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Catalonia comes close to its stone fruit production potential with a 4% decrease compared to 2023

According to data presented recently by the Fruit Business Association of Catalonia (Afrucat) and the Department of Climate Action, Food and Rural Agenda (DACC), the Catalan productive potential for peaches and nectarines is down by 4% compared to the previous campaign, with the forecast to reach 384,840 tons.

By provinces, Lleida expects to harvest 4% less peaches and nectarines (362,360 tons); Tarragona, 3% less (20,080 tons); Barcelona, 13% less (1,480 tons), and Girona, 9% less (920 tons).

The most outstanding drops in the production are expected for Barcelona and Girona, with 13% and 9%, respectively. They will obtain 1,480 tons and 920 tons. In both cases, one of the main causes is the uprootings (more significant in the province of Girona), while in Barcelona, periods of drought in the previous campaign and also this year have taken their toll. It's worth noting that many of the plantations in Barcelona are in rainfed areas and basically depend on rainfall.

After years of very low productions (2020, 2021 and 2022) and weather adversities (especially frosts, hailstorms and severe drought), Catalonia recovered its productive potential last campaign, but this year, as a consequence of the water stress suffered by the trees and high temperatures, it is again down by 4%.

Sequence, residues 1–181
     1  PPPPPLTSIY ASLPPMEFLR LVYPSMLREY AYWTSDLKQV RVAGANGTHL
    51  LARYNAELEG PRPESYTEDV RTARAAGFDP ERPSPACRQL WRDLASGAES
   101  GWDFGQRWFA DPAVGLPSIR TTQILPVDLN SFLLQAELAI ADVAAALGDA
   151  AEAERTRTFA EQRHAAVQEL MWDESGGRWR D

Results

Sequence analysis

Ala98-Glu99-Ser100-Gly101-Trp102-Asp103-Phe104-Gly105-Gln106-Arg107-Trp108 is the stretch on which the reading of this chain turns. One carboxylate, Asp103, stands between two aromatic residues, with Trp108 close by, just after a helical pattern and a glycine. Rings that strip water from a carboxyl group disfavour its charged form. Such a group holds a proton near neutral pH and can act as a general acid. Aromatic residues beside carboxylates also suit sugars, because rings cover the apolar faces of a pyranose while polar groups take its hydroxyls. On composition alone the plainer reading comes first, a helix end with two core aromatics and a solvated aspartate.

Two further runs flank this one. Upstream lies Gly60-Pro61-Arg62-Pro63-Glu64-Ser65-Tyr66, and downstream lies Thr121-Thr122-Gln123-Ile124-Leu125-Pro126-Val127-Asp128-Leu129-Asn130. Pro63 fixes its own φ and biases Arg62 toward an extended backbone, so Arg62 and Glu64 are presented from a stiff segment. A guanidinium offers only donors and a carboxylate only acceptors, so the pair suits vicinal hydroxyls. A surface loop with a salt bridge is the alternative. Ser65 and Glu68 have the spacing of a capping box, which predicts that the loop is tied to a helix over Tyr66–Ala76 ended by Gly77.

"The campaign has already started, and the fact that Murcia has arrived early this year, while we are on schedule, is allowing the productions not to overlap and for sales in the market to remain smooth. A normal year like this could be considered exceptional," says Benjamí Ibars, president of the Afrucat Stone Fruit Committee.

Joan Gòdia, general director of Agri-food Companies, Quality and Gastronomy of the Department of Climate Action, Food and Rural Agenda, says that "after many years with weather phenomena such as hailstorms, frosts or last year's drought, we are having a normal year, coming close to our productive potential and not lacking water."

Manel Simon, general director of Afrucat, says: "Everything points to this being a good campaign and we expect to be able to manage our production well. Still, we can also not forget that for everything to go well, it needs to be hot in summer. As we all know, the consumption of juicy fruits is linked to high summer temperatures."

Simon made a point about the uncertainty of the impact of pests on the production. "Last year there was a significant impact of thrips and fruit flies. Thus, although prices were acceptable, many plantations had lower yields. Now that the European elections are approaching, we wished to insist on our request to Brussels, and specifically to the EFSA (European Food Safety Authority), about the need to carry out impact studies before banning any new control methods, in order to find out if there are any alternative treatments, or the suspension can entail the abandonment of one or more crops across Europe. At a time when self-sufficiency in the food supply is so important, we cannot afford to lose crops in Europe because of a lack of protection methods."

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